Next, prepare your culture for baking:

When you're ready to bake, start 24 hours ahead if you're using a refrigerated starter. You'll need to wake it up and get it ready to leaven a loaf.

a) Mix 60 grams flour (3/8 cup), 60 grams warm water (about a quarter cup), 30 grams starter (about 1/8 cup) in a small bowl. Let sit at room temperature (70 degrees F) for 12 to 14 hours.

b) Then, take 10 grams (about a tablespoon) of that starter (you can discard the rest), which will have begun to get lively, and mix it with 60 grams flour (about a half cup) and 60 grams water (about a quarter cup).

Let it sit for 12 to 14 more hours. Now you'll have just enough lively starter for a loaf—a little more than a half cup—plus a bit left over to begin the next batch of starter.

Now, get that next batch going: Scoop out about 10 grams (1/8 cup) of the starter, and add 20 grams of flour (1 1/3 tablespoons) and 20 grams of water (1 1/3 tablespoons). Mix it, and let sit for 3 hours at room temperature, then store in the fridge, covered tightly. Keep it alive by baking every week; or feed it once a week by scooping out 10 grams (1/8 cup) of starter (discarding the rest), and mixing with 20 grams of flour (1 1/3 tablespoons) and 20 grams of water (1 1/3 tablespoons), as above.

Now, finally, make the bread:

Ingredients

580 grams (4 cups) whole wheat flour

506 grams (2¼ cups) water, at room temperature

12 grams (2½ teaspoons) salt

120 grams (½ cup) Starter

Step 1: This is known as the autolyse step. Mix the starter and water together in a large bowl or plastic bread-making tub (see video below—I used a bowl). Add the flour, and mix well. Let sit 20 to 40 minutes.

Step 2: Mix dough by hand, squeezing and folding it to develop gluten. Here's how.

Step 3: Let it rest, covered, for 3 hours, periodically folding as above (3 to 4 times).

Step 4: Shape the dough into a round by gently folding it over on itself, leaving a smooth, round top and a seamed bottom. This is known as a boule. Let it rest, covered, 20 minutes.

Step 5: Very gently place the boule, seam side up, into a floured proofing basket for 1.5 to 2 hours. If you do not have a proofing basket, you can take a linen (or fine mesh cotton, but linen is best) cloth, rub plenty of flour into it and place it in a small mixing bowl. Make sure there is ample flour covering all surfaces that the dough will touch, and also be sure that the bowl is deep enough to really shore up the sides of the boule. (I used a bowl-shaped metal colander as my proofing bowl, lined with a well-floured cloth.) About an hour into the proof, preheat the oven to 500 degrees and put the empty Dutch oven, with cover, into the oven, so that it will become blazing hot.

Step 6: Very carefully, drop the boule into the hot Dutch oven, seam side down.

Step 6: Make a few incisions along the top membrane about ¼ inch into the dough's surface, to help with the loaf expansion. McDowell uses a straight razor. I used a serrated (bread) knife. (I forgot to do this in my second loaf.)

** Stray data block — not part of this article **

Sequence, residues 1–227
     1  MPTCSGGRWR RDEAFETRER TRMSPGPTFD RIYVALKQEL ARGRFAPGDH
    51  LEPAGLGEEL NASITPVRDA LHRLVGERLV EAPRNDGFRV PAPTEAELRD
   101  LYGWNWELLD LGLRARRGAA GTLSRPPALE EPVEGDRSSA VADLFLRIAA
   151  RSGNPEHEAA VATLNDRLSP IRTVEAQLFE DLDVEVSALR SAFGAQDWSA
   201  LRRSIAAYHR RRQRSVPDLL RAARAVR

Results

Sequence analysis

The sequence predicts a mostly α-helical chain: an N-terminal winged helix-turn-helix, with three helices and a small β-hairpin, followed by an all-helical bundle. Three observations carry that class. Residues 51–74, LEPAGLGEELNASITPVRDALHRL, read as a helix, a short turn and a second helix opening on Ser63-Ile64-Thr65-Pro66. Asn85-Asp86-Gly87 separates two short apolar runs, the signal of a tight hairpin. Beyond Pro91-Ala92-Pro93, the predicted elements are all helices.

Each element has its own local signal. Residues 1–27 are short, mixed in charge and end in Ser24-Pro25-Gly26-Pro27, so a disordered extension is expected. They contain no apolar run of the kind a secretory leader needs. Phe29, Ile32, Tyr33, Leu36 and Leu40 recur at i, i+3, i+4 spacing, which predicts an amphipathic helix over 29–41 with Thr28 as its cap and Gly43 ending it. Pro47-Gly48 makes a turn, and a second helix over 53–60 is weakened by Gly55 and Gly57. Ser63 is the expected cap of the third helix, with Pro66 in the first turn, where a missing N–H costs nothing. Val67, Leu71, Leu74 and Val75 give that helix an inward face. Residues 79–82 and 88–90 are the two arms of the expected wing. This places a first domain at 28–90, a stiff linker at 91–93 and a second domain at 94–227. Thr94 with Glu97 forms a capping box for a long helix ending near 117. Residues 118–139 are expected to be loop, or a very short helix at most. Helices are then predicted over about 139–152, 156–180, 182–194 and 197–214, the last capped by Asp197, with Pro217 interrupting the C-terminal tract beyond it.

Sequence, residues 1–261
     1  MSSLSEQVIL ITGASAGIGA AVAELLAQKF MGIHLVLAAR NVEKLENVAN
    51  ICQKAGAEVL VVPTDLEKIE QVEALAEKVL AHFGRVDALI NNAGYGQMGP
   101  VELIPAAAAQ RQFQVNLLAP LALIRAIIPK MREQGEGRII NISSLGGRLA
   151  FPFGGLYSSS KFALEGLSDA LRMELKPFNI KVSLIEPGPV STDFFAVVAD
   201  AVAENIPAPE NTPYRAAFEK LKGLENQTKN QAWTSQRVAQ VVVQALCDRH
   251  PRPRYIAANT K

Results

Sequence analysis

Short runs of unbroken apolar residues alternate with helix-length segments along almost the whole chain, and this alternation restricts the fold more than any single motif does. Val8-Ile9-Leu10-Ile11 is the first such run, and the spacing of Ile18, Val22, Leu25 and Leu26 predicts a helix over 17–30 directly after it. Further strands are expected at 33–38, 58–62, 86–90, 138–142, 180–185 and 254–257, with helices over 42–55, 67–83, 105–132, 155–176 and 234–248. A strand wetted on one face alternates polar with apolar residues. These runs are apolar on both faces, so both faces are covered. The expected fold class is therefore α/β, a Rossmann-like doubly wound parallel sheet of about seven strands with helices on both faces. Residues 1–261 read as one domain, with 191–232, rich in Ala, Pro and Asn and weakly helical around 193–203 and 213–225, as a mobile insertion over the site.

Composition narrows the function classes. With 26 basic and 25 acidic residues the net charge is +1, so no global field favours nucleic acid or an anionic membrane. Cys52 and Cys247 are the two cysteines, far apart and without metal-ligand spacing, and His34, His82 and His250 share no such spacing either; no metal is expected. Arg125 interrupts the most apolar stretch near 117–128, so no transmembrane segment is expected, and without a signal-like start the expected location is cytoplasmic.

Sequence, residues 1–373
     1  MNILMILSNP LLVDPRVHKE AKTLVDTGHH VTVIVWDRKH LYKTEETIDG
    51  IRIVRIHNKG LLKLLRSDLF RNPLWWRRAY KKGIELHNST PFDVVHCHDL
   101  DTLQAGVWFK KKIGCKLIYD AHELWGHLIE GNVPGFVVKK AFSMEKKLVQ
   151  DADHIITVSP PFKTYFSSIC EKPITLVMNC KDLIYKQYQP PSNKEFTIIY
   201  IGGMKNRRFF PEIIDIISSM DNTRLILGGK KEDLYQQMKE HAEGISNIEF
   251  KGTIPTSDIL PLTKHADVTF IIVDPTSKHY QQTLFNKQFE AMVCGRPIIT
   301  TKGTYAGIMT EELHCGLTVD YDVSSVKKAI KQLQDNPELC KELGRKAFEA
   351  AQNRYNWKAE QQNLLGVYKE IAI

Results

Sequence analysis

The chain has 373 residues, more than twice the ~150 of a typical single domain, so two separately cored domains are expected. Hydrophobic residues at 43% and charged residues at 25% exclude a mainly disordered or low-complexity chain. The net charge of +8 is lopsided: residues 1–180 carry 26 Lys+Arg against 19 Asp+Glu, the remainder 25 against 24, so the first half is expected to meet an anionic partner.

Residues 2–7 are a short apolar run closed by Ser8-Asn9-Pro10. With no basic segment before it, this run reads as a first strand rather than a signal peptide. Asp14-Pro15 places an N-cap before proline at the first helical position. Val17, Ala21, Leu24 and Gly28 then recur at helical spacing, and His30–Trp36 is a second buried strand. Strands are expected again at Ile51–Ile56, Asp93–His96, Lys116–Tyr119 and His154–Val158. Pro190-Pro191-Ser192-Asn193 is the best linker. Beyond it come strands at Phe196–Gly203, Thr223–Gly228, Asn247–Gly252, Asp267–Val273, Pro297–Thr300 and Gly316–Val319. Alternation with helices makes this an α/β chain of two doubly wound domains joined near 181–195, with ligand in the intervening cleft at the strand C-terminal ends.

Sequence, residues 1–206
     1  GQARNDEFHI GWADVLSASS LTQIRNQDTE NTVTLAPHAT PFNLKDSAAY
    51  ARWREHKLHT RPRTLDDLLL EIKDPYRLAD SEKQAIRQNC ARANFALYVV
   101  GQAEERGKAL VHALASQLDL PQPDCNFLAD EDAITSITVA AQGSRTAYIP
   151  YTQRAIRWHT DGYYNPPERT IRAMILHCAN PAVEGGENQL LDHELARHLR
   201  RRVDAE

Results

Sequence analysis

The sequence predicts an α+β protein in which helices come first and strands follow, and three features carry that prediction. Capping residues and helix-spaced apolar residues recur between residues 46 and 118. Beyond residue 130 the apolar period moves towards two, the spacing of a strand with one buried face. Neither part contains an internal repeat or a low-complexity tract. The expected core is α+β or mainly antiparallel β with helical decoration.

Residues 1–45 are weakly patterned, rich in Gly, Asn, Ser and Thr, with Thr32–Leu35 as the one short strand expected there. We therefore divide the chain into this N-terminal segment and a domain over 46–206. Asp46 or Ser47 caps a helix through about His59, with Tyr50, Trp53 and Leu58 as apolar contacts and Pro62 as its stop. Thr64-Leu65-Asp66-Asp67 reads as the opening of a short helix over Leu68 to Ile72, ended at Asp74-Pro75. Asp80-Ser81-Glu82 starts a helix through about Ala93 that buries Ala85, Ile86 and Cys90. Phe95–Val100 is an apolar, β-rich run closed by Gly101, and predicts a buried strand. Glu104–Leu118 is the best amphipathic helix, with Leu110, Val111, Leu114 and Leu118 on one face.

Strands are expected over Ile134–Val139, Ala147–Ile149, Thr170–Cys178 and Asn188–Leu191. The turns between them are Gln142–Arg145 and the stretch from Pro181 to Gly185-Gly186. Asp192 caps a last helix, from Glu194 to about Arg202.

Loaf Two also showed pretty good air pockets.

Step 7: Bake approximately 30 minutes , then remove the lid of the Dutch oven and bake until the boule is a deep brown—10 to 15 minutes more. (You can insert an instant-read thermometer into the loaf—when done, it will be within a few degrees of 212 degrees F).

Step 8: Let cool on a metal rack—at least one hour; 4-6 hours is optimal to let the loaf develop flavor.

Why the EPA Can't Manage To Block This Gnarly Herbicide

| Mon Feb. 10, 2014 2:13 PM EST

In the February 10 issue of the New Yorker, Rachel Aviv has an outstanding piece on Tyrone Hayes, the University of California-Berkeley biologist whose research found that atrazine, a widely used herbicide, caused extreme sexual-development problems in frogs at very low levels. Aviv's article follows a superb Hayes profile by Dashka Slater published in Mother Jones in 2012. Aviv's piece gives some key background on just why it's so hard for the US Environmental Protection Agency to take action on chemicals like atrazine, which in addition to harming frogs, is also suspected of causing thyroid and ovarian cancers in people at low doses. Here's the key bit regarding the EPA and its reliance on cost-benefit analyses to determine what chemicals the public can and cannot be exposed to:

In the U.S., lingering scientific questions justify delays in regulatory decisions. Since the mid-seventies, the E.P.A. has issued regulations restricting the use of only five industrial chemicals out of more than eighty thousand in the environment. Industries have a greater role in the American regulatory process—they may sue regulators if there are errors in the scientific record—and cost-benefit analyses are integral to decisions: a monetary value is assigned to disease, impairments, and shortened lives and weighed against the benefits of keeping a chemical in use. Lisa Heinzerling, the senior climate-policy counsel at the E.P.A. in 2009 and the associate administrator of the office of policy in 2009 and 2010, said that cost-benefit models appear “objective and neutral, a way to free ourselves from the chaos of politics.” But the complex algorithms “quietly condone a tremendous amount of risk.” She added that the influence of the Office of Management and Budget, which oversees major regulatory decisions, has deepened in recent years. “A rule will go through years of scientific reviews and cost-benefit analyses, and then at the final stage it doesn’t pass,” she said. “It has a terrible, demoralizing effect on the culture at the E.P.A.”

Hat tip: Kathleen Geier.